Coach Pep Hamilton has to be as frustrated as any living human regarding the offensive unit shortcomings of 2017. The talk before the season was quick quarterback release, more use of the slot, and incorporating some west coast flavor via Hamilton’s pro experience. By and large, little of that came to fruition. Why so is again a mixed bag of mumbo, one that now is in the past must be remembered to improve the future.
Coach Harbaugh, ever the Mechanist who values parts, has made coaching hires he believes will enhance the retooling effort. When a Mechanist has a machine breaks down, parts are replaced. When the machine functioning at a high level, the status quo is the preferred choice. His stated public comments evoking self-evaluation and collaboration as processes to retool are somewhat surprising but on target.
The ultimate question remains how Coach Harbaugh will address offensive scheme. He could give the public lip service and keep his current model intact. That option seems unlikely as he and other offensive coaches have detailed self-evaluation and collaboration to produce improvements. Coach has settled in with basic processes. While the venture may not be successful, it certainly has been undertaken.
Harbaugh has hired coaches he believes can secure and machine the parts to accelerate development and results. Initially the venture looks successful, solid coaching choices with a good mix now in place. One can infer from the timeline, comments, and approach to staff building this past January, that (1) there was most likely at least a plan for staff and program change even before the bowl game, and (2) Coach Harbaugh spent energy and time covering for his staff hunting new assignments.
Coach Washington is young, energetic, in the Michigan mold that Harbaugh values, and seeks success. His new status as a Michigan coach should play well in recruiting. He will work hard to meld with Coach Brown, who should be a very welcome mentor to Coach Washington. All indications lead to future success.
Now when it comes to new tight ends coach, Sherrone Moore, pretty much the same description can be applied as with Coach Washington. He has a short amount of experience but all past sources state he has the work ethic and skills to be successful. Sherrone was a lineman at Oklahoma, spent several years as a tight end coach at Louisville and Central Michigan. Coach Moore was also recruiting coordinator at Central Michigan.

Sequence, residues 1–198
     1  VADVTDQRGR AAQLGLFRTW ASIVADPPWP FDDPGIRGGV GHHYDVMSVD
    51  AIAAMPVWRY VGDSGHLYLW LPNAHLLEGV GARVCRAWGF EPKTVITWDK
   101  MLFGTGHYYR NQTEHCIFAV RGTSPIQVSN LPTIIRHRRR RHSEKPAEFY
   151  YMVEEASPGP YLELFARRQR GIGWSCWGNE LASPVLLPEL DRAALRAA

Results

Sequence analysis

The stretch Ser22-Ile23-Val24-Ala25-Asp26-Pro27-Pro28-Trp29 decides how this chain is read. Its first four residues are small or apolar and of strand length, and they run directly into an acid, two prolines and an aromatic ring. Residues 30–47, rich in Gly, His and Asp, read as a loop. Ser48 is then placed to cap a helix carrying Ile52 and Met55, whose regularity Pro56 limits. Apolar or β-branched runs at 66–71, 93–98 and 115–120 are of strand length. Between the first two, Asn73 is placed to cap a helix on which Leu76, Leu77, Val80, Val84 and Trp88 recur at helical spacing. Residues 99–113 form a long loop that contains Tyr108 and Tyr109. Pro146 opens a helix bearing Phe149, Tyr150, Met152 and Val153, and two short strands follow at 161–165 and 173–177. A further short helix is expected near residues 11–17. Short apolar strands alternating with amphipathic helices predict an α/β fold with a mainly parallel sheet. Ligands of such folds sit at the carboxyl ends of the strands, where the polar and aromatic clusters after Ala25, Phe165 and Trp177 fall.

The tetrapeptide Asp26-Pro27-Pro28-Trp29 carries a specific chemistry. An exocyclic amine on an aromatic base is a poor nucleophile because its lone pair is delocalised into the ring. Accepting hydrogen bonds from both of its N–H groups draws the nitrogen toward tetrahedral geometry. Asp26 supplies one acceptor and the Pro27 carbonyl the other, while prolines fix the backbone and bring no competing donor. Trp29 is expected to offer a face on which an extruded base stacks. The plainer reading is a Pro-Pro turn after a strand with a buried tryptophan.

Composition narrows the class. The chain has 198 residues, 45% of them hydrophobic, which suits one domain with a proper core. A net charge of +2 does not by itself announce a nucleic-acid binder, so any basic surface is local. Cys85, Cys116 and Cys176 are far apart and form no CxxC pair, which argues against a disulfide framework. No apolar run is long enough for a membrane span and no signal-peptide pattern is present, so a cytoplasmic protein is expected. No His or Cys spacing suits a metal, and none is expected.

So, with the new up and comers in place, and the decision of Chris Partridge to stay on board, the mission of securing energy and youthful guys that can recruit and coach hard was accomplished. The newbies will hear negatives on the recruiting trail and will need to have persistence and a strong message to place Michigan back in the top tier recruiting schools. These guys have seen the difficulty of recruiting against big timers in places like Cincinnati and Western and will now approach the recruiting craft from a position of strength.
Coach Harbaugh now needed to address the offense and its structure. Coach Pep has been discussed and is here. All the drama, the Enos’ reversal, must be forgotten, there is work, plenty of work ahead. By his nature, and by his involvement in the offense, Coach Harbaugh is joined at the hip with Coach Pep. Any concerns he has toward Pep must also be directed at himself, perhaps even more so.
So, having himself in place and having Pep in place, Coach Harbaugh turned to clear areas of need; the offensive line, tight ends, and receivers.
Coach Warinner has a clear and undisputed history of developing offensive linemen. Those in the woe is us crowd complain Coach Warinner’s history also indicates he is not a stand on his head circus type of pure charismatic recruiter. What matters is that somehow Michigan recruits high level linemen and Coach Warinner and others develop the talent.
Coach Jim McElwain had some difficulties at Florida, to this observer in large part because of injuries to key offensive personnel including at quarterback, where he never found the chosen one to lead the assent, somewhat like Michigan. Coach Mac has seen the block, many blocks, as such he is valuable as not only good coaching but also brainstorming. Mac was offensive coordinator at Alabama. Mac has served as a quarterback coach (which he played in college), a wide receiver coach, offensive coordinator, a very successful special teams coach, and a head coach at several schools. His offenses, sans Florida, have been productive.
Mac’s role at Michigan will be to develop a nice, young wideout group and help with game planning. Both areas are in need of major improvement. Mac holds a large chunk of pocket change from Florida. So, he could come in without a ton of pressure and simply enjoy a renewal from hard teaching and coaching, a sort of mid-life revival. Mac will have the luxury of being supported by Roy Roundtree, a class guy who is being provided a nice opportunity for professional growth.